If I-330 is all sharp and predatory, O-90 is all softness and gentility:
She has a round soft dimple on her wrist. Children have such dimples. (2.4)
In the book, she's presented as very happy and open, at least at first. She's quite loyal to the State, but D-503 speaks of her in kind and gentle terms. This is intended in part to contrast her with I-330—the hard- edged rebel vs. the gentle conformist—as well as giving D-503 a real-life figure to pull against I-330's influence.
Alas, O-90 hides rebellious tendencies under her surface, like a lot of characters in this book. Unlike many of them, her rebellious instincts come from politics, but from biology. She wants to be loyal to the State, but she also wants a baby. In the end, her desire for motherhood wins out. Pay attention to how she talks about impending mommy-dom:
"I want, I must have a child! From you! Give me a child and I will leave. I will!" (19.29)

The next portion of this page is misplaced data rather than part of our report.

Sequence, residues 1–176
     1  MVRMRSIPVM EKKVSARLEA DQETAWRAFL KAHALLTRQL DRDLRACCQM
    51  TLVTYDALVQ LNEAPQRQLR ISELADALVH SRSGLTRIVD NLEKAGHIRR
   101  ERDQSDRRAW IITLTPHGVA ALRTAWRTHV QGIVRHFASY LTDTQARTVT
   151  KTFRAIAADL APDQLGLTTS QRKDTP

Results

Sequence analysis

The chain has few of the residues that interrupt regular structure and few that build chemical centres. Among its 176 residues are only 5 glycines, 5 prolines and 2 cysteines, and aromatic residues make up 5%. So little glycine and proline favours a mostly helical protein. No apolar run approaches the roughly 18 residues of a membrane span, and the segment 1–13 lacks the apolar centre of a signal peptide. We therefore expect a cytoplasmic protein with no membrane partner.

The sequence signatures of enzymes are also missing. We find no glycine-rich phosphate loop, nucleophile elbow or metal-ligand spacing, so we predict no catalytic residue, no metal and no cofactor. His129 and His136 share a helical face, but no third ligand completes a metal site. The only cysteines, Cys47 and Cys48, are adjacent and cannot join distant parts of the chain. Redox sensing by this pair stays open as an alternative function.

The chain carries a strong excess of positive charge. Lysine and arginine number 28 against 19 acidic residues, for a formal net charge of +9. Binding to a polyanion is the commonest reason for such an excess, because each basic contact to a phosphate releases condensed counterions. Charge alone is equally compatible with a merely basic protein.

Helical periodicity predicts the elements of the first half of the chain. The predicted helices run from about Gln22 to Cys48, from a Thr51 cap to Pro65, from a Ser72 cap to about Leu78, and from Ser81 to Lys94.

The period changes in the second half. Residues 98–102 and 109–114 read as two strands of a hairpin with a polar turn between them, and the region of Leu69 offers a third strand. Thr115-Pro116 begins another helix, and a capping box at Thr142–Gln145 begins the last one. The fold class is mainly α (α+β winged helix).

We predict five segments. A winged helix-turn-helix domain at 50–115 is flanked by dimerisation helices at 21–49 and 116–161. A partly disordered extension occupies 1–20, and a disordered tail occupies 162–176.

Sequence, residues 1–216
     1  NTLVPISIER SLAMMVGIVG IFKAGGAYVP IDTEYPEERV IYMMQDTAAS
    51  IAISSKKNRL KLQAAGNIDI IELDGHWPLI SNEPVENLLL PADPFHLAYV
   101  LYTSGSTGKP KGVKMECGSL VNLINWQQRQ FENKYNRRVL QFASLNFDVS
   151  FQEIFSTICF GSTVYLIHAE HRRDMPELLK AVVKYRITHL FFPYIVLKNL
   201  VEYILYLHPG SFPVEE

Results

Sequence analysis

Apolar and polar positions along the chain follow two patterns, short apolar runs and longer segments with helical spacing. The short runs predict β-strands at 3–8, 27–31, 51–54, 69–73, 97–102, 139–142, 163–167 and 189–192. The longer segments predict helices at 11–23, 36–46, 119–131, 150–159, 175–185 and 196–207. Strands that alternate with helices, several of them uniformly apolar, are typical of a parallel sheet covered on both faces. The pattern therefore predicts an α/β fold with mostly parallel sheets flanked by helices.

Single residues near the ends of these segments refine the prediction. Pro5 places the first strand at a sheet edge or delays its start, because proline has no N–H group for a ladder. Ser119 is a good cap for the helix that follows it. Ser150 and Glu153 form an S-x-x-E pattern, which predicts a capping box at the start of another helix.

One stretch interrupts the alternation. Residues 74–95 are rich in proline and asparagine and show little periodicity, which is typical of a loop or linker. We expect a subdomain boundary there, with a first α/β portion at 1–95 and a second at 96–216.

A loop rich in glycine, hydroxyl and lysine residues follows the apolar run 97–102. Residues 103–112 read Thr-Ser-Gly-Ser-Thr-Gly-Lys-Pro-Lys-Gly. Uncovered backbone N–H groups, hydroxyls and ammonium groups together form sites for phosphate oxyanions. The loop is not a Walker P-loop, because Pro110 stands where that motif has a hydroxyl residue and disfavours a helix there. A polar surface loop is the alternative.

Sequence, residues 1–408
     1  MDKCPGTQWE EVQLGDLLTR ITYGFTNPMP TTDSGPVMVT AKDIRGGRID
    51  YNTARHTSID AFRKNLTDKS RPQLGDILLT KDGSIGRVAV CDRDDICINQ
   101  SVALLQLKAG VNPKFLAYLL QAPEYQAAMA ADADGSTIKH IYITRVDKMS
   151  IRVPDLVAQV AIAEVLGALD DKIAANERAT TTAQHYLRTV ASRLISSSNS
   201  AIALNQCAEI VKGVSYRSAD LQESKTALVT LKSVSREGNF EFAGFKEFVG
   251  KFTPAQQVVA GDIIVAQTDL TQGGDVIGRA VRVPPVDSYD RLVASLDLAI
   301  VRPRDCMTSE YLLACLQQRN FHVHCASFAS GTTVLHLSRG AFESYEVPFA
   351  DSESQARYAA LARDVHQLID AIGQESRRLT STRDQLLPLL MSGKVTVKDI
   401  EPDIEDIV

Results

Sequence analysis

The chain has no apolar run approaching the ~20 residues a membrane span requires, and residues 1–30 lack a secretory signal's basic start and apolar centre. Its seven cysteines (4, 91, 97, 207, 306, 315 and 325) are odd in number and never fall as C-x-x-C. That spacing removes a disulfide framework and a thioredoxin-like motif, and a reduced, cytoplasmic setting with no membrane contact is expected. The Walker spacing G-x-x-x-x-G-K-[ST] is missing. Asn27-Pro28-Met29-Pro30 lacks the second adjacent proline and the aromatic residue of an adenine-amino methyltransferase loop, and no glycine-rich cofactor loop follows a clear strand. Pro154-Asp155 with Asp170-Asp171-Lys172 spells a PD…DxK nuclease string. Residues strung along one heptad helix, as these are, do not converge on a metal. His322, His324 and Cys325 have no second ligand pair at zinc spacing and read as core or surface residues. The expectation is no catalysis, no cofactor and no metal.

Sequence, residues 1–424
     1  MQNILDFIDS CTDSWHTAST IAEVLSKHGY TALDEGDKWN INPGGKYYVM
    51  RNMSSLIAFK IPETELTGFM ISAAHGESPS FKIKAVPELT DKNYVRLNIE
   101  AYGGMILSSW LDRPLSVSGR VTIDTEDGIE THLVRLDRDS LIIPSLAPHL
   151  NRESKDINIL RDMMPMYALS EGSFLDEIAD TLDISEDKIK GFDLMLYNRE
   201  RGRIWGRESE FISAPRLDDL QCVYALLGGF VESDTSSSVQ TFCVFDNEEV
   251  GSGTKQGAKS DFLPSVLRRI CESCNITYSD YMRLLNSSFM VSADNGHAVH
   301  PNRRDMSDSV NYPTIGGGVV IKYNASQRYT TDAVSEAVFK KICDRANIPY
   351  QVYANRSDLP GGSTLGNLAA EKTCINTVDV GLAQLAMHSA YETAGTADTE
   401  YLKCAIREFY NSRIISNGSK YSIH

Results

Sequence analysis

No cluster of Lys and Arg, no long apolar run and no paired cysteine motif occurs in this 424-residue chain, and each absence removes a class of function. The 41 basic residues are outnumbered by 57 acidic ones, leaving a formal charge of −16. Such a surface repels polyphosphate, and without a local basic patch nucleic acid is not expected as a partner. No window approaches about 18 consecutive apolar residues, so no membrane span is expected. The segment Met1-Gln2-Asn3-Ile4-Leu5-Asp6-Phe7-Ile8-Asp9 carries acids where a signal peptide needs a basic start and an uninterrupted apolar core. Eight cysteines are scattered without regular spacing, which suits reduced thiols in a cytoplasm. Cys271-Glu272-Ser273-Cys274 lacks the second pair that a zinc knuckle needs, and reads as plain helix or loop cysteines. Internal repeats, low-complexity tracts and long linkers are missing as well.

In becoming a mother, she becomes an enemy of the State and is forced to flee with her child beyond the Green Wall. Once again, a very human urge—to procreate—wins out over all the indoctrination of the State. As with D-503, O-90's character seems to be telling us that human nature will win out every time.
The sad thing is, in this world, that's the closest she'll get to a happy ending. She's on the run in the wilderness, but she has friendly forces there to help her and she'll be able to raise her baby in peace. Contrast that with everyone else, whose either dead of lobotomized.
O-90 represents hope for a better tomorrow. Her instinctive warmth and gentleness speaks to everything great in the human soul, everything the State is attempting to wipe out. That allows her to slip away while others die fighting, staying alive to carry on the hope that all those other characters gave their lives for. She's a hope repository, which matches her soft round face, and reminds us that some people always care and feel even in a place like the One State.